Piano Concertos by Tchaikovsky and Arensky

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Piano Concertos by Tchaikovsky and Arensky


This recording of Tchaikovsky’s Piano Concerto No. 1 testifies to Ms Blumental’s skill and musicianship, whose hands were considerably smaller than those of the composer. This disc includes the rare Piano Concerto in F minor by Anton Arensky.

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This recording of Tchaikovsky’s Piano Concerto No. 1 testifies to Ms Blumental’s skill and musicianship, whose hands were considerably smaller than those of the composer. This disc includes the rare Piano Concerto in F minor by Anton Arensky.

Pyotr Il’yich Tchaikovsky – Piano Concerto No. 1 in B flat minor, Op. 23

Felicja Blumental – piano
Michael Gielen – conductor
Orchestra of the Vienna Musikgesellschaft

  • Allegro non troppo – Allegro con spirito (17’53)
  • Andantino simplice – Prestissimo – Tempo Primo (6’25)
  • Allegro con fuoco (6’25)

Anton Arensky – Piano Concerto in F minor, Op. 2

Felicja Blumental – piano
Jiri Waldhans – conductor
Brno Philharmonic Orchestra

  • Allegro maestoso (11’59)
  • Andante con moto (6’04)
  • Scherzo-Finale – Allegro molto (8’57)

Total running time (58’06)

The first of these Russian piano concertos by Pyotr Il’yich Tchaikovsky is one of the World’s most famous classical masterpieces and instantly recognisable from it’s introduction.

Tchaikovsky was first inspired to compose by his teacher, Anton Rubinstein, while he was studying at St. Petersburg Conservatory. His first composition, dated 1864 is an overtured title The Storm. Ten years later in 1874, Tchaikovsky began composing his Piano Concerto No. 1. On completion, he gave the manuscript to pianist, Nicolas Rubinstein (brother of Anton) to whom the work was dedicated. Nicolas’ reaction was unfavourable. He is reported to have described it as “banal, clumsy and incompetently written.” Rubinstein requested a revision of the work under his direction which greatly annoyed Tchaikovsky so he substituted the name for Hans von Bülow, a notable Germany pianist who priased its style and form. Hans von Büulow performed he première in 1875 with the Boston Symphony Orchestra. The Russian première in St. Petersburg was the following week under the direction of Czech conductor, Eduard Naprovnik.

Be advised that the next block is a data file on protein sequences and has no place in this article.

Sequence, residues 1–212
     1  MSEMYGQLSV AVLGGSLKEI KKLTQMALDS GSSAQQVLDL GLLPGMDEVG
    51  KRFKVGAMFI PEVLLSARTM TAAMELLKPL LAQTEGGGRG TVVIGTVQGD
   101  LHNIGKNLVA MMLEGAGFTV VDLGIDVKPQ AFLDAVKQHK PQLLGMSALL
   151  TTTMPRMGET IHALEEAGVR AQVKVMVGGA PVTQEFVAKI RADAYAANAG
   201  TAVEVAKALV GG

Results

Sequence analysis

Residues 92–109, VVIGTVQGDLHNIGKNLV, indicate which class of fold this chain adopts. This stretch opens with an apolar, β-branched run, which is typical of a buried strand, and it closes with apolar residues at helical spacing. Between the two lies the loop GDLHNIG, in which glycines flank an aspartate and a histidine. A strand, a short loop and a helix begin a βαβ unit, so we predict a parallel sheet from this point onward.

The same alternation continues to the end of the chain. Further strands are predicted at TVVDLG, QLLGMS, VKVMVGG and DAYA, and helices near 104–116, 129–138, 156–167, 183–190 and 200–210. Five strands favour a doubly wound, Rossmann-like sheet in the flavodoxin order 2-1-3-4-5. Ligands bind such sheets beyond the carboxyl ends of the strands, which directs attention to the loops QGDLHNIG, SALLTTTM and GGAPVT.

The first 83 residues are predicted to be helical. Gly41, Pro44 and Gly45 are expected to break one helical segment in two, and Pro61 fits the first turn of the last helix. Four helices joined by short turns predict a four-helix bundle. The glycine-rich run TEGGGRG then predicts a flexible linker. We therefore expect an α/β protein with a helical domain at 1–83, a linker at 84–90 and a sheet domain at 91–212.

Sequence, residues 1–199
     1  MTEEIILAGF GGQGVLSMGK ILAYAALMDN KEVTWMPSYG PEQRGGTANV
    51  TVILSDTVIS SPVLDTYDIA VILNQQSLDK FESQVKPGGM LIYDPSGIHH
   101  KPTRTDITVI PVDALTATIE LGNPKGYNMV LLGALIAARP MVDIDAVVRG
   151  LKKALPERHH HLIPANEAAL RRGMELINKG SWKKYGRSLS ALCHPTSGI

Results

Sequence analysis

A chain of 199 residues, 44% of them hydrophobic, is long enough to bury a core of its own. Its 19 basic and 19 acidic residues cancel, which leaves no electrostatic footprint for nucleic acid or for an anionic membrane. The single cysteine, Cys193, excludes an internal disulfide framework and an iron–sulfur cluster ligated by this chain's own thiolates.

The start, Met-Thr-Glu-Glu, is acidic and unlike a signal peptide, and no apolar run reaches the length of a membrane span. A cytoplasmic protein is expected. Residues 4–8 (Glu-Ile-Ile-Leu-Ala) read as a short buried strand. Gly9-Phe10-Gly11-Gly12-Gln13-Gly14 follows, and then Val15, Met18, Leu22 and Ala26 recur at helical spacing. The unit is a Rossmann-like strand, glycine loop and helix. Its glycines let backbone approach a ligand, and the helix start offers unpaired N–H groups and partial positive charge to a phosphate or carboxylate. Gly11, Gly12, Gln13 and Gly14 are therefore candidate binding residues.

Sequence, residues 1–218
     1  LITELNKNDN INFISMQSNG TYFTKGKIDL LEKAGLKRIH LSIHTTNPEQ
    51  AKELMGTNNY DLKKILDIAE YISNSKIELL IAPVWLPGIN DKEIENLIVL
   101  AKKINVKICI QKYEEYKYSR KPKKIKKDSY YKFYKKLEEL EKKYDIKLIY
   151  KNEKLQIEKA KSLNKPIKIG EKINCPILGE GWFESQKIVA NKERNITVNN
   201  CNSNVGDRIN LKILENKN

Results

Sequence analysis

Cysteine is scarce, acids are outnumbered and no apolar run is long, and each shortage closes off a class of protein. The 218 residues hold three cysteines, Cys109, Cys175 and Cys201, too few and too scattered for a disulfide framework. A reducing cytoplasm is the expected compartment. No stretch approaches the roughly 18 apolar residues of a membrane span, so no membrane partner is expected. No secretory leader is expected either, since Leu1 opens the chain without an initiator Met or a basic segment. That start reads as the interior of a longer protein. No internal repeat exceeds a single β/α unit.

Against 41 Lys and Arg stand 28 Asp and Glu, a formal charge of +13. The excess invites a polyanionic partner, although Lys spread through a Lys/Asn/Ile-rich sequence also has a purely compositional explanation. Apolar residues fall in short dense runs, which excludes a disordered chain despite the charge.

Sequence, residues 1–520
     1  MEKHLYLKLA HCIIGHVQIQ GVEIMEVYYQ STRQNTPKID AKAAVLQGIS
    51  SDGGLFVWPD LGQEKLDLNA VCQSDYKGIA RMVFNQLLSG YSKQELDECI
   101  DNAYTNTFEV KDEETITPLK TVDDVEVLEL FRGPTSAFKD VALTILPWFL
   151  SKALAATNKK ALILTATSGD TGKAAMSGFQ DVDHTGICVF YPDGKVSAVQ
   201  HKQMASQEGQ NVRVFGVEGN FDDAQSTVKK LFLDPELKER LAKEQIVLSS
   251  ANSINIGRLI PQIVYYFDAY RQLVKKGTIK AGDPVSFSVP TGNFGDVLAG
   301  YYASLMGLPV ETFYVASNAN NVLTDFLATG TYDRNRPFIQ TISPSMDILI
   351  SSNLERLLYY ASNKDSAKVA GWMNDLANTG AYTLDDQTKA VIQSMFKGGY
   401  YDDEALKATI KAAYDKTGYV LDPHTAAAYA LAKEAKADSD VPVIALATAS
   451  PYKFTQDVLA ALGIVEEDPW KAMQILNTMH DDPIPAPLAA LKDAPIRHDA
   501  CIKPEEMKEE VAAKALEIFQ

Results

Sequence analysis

Anton Arensky composed his Piano Concerto in F minor, Op 2 in 1882 at the age of 21, the same year he began teaching at the Moscow Conservatory. It is reminiscent of Chopin in it’s virtuoso passages but keeps it’s Russian character, very similar to the styles of Tchaikovsky (with whom he made a close association) and Rimsky-Korsakov, his teacher at St. Petersburg Conservatory. It too has a tense and dramatic opening first movement which leads into the piano theme, but it’s the ‘dance like’ third movement in which Ms. Blumental particularly sparkles and it’s here that Arensky entertains his fascination for irregular time signatures with a 5/4 finale.

Pyotr Il’yich Tchaikovsky (1840 – 1893)

Tchaikovsky had a rather more turbulent career than most. The death of his mother at the age of 14 and attending a military boarding school had a negative impact on the young Tchaikovsky. He found comfort in music and decided to leave his post at the Ministry of Justice and dedicate his life to the art form – a decision that is said to have been inspired by attending a performance of Mozart’s Don Giovanni. (Mozart was a composer Tchaikovsky admired throughout his life).

Tchaikovsky entered the St Petersburg Conservatory to study under Anton Rubinstein where he first began composing. His early compositions were not received well by the Russian musical establishment, but success came with his First Symphony which was performed in 1868. The subsequent ten years were fruitful in which he composed symphonies, strings quartets, operas and his first Piano Concerto.

Sadly, Tchaikovsky spent much of his adult life tormented by his homosexuality. In 1877, he married a student to conceal his secret, but it ended in disaster leading to further depression and insecurities. However, Tchaikovsky overcame his a creative dry spell and found success with his ballets, Swan Lake, Sleeping Beauty and the Nutcracker as well as operas The Queen of Spades, Eugene Onegin, Violin Concertos and several symphonies. (203) (185 without 1st para and list of ballets)

Anton Arensky (1861 – 1906)

Born in Novgorod, 1861, Anton Arensky showed musical promise from a young age and was composing by the age of nine. He received musical training from his mother before joining the St Petersburg Conservatory as a pupil of Rimsky-Korsakov. Upon graduation, Arensky was appointed Professor of Harmony and Counterpoint at the Moscow Conservatory where he developed a close association with Tchaikovsky. His pupils included Rachmaninoff, Scriabin and Gilère. Despite his alcohol abuse and gambling habits, Arensky was devoted to composition and teaching while occasionally appearing as pianist and conductor. Sadly his life was short and Arensky died from tuberculosis age the age of 47.


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